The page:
According to Alex Chausovsky, a senior consulting adviser at ITR Economics, the record-setting growth the U.S. economy has enjoyed over the last 27 months is coming to an end. However, the news isn’t all bad.
“The business tailwind you’ve experienced in your sales in the last 18-24 months will change as the economy becomes a headwind in the later part of 2019 and into mid-2020,” Chausovsky told a packed house at ACG Kansas City’s recent Annual Economic Forecast Breakfast. “For the most part, growth rates will remain above that all-important ‘zero line,’ so this is really an opportunity to catch our collective breath and prepare for the next rise. The question for each of you is: What do I need to do to get my business ready for the next rise?”
Identifying and Adjusting
Chausovsky said the key to surviving and thriving in a down cycle is identifying what drives the demand forces in your industry and adjusting the benchmarks you set. While ITR isn’t calling for an all-out recession, Chausovsky said there is potential for negativity in the industrial, manufacturing and utilities sectors. Data from The Great Recession of 2008 shows a marked diversion between the consumer markets, which performed moderately, versus the industrial sector, which took a significant hit.
“We are expecting [an industrial/manufacturing sector downturn] to happen again,” Chausovsky said. “It will not be significantly negative, but negative nonetheless.
Ask yourself what it is that drives your company’s performance and benchmark yourself and your business to that data,” he said. “If you’re focused on the business-to-consumer segment, the slowdown may not affect you as much, but if you’re focused on the B2B sector, you need to be planning for it.”
Chausovsky and his ITR colleagues are certain a slowdown is approaching because their indicator—an index compiled of several well-respected formulas combined with industry information they gather—has correctly predicted results since before 2006. In layman’s terms, the indicator forecasts how industry will perform 1-2 months in the future.
Breaking the results down for the audience, Chausovsky showed how the month-to-month G7 index (one of the formulas used in ITR’s indicator), shows it has already “turned over and gone into the negative,” as has the US IP, the JP Morgan manufacturing index and the PMI.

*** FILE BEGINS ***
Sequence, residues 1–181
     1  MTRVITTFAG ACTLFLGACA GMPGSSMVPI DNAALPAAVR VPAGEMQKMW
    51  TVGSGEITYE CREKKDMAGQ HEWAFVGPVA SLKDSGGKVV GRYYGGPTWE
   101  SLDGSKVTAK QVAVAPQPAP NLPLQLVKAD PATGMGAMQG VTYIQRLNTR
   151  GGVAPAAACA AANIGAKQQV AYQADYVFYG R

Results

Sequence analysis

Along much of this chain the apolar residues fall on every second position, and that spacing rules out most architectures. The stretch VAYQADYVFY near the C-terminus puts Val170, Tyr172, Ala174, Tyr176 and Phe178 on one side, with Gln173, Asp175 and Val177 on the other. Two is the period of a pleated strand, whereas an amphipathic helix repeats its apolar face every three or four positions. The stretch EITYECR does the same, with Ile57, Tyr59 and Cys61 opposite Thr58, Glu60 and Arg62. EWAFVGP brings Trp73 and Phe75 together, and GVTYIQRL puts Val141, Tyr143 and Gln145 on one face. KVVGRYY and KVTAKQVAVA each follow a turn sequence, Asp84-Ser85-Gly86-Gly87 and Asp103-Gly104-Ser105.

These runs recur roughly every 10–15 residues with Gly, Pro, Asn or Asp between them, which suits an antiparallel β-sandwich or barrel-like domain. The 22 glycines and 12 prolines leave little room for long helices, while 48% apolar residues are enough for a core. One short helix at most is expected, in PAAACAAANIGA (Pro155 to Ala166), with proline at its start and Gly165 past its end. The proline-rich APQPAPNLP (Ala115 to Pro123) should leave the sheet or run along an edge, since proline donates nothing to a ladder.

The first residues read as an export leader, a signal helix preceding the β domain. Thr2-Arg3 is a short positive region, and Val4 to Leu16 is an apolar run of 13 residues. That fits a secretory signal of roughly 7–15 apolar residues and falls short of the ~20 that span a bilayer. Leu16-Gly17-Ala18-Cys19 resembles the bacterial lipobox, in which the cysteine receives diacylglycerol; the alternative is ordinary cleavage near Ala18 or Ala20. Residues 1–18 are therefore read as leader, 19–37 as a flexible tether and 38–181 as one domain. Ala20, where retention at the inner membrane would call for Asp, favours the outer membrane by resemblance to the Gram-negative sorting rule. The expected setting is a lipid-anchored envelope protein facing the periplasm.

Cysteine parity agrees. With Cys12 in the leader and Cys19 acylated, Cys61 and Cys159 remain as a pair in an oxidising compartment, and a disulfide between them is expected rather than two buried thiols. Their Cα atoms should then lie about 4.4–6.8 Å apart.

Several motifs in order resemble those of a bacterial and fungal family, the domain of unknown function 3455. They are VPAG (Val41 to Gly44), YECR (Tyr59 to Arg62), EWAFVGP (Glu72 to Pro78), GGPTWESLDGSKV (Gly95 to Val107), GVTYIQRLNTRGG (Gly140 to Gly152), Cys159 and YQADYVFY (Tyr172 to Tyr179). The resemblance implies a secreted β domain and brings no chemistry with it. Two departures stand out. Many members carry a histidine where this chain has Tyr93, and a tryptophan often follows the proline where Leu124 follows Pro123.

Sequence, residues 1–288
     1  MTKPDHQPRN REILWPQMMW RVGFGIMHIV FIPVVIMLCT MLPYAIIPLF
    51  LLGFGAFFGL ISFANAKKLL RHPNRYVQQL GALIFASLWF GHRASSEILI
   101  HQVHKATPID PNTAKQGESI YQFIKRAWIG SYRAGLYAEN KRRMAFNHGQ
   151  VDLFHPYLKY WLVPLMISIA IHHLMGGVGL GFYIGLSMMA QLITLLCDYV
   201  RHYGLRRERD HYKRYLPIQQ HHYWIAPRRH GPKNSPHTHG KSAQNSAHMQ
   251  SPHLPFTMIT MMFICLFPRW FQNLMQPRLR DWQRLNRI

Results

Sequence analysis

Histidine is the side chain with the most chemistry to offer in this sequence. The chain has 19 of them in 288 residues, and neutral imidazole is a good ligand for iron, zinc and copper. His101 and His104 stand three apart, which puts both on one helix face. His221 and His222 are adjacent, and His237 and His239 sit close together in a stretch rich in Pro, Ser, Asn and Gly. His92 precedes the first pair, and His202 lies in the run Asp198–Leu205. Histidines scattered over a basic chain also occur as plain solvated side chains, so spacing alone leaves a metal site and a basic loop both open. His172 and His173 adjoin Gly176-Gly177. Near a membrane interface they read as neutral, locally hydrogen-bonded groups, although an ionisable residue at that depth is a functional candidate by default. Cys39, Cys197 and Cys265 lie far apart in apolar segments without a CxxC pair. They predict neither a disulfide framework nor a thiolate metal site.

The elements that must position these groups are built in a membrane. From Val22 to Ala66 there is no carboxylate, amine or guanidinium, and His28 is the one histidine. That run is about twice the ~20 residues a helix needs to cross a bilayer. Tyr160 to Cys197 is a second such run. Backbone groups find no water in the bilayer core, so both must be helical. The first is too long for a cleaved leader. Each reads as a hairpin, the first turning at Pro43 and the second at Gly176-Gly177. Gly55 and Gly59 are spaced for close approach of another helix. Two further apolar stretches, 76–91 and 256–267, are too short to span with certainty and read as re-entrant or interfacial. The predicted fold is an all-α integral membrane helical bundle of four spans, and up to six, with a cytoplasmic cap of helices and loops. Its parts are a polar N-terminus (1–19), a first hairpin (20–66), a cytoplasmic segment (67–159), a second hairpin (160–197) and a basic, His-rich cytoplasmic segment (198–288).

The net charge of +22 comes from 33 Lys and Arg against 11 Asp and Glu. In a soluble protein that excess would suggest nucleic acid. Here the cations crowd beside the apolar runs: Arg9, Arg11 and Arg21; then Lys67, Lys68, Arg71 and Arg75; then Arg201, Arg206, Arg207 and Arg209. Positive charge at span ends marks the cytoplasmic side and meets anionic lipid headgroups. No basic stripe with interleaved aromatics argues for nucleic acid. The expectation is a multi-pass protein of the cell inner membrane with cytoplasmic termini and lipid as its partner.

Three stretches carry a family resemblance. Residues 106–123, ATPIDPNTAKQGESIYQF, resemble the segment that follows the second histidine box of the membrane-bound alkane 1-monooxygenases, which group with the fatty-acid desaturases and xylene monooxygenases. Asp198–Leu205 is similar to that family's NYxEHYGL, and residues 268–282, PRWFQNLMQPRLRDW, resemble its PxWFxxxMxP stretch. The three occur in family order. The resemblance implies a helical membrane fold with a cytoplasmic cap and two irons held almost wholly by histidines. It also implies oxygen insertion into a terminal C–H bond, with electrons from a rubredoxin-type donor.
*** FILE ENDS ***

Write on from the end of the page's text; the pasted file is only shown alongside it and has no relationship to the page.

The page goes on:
“This shows that the slowdown is already happening in the rest of world and that the good times are coming to an end,” he said. “So now we must take a defensive position and adapt for what’s coming.”
“If you’re focused on the business-to-consumer segment, the slowdown may not affect you as much, but if you’re focused on the B2B sector, you need to be planning for it.”
Senior Consulting Adviser, ITR Economics
The Power of Perspective
Chausovsky was a 10-year-old Ukrainian immigrant who hardly spoke a word of English when, in 1990, he found himself standing on the floor of the arena at a Dallas-area rodeo.
“I’m fresh off the boat at this rodeo—wondering why human beings would wrestle with cattle—when a call goes out for the kids to go down to the floor,” he said. “So everyone’s urging me on and I figured ‘Let’s check it out, I’m up for anything.’”
Chausovsky said he found himself surrounded by a throng of other children, many dressed in full Western garb.
“Most of the younger kids were dressed casual like me, but those older kids were serious—wearing cowboy hats, belt buckles and the whole outfit,” he said. “Then they rang the bell and a calf ran in and everyone started to run at it, chasing it around the side of the arena along the wall.”
“So I’m standing there and I have no idea what’s going on, but pretty quickly I start to read the contextual clues. I see that the calf has a blue ribbon in one ear and think, ‘I better get that ribbon.’”
So young Chausovsky broke into a dead run—taking a perpendicular line—intent on intercepting the calf. As he closed the gap, he began to realize the folly of running into such a huge animal.
“So I did the only thing I could think of. I lowered my shoulder and slammed straight into its side, knocking it off its feet,” he said. “Then I got that ribbon and proudly stood up. The audience was in shocked silence, but I eventually started to get a clap or two. That’s a totally true story … and the reason I told you is this: Knowing what to do, reading the clues, is vitally important to achieving success.”
Bad News Can Be an Opportunity
The tax breaks that extended the current state of economic growth did so at a cost, and that bill will soon come due.
“Much of the boost came from depreciation as companies wrote off used equipment or asset purchases, and therefore offered an uncommon nudge in investments,” Chausovsky explained. “But now there is less tax revenue coming into government coffers and the American government is spending beyond what it makes, and that’s not sustainable.”
In fact, Chausovsky said, 1945 was the last time the U.S. national debt trended this high.
“I think it makes sense to take on that much debt when you’re fighting to protect democracy, but when your economy is growing at 3 percent? In my personal opinion, we’re robbing Peter to pay Paul.”
The takeaway, Chausovsky said, is to get prepared. Pay down debt, make sure you have as much cash on hand as possible, and avoid extending yourself on things like long-term leases.
“Be ready to buy,” he said. “Recessions are actually good for people who can capitalize. If you plan and position, you can prosper. The key is knowing rates of change and being aggressive in the low point of the business cycle.”
This article originally appeared on ACG Kansas City’s website.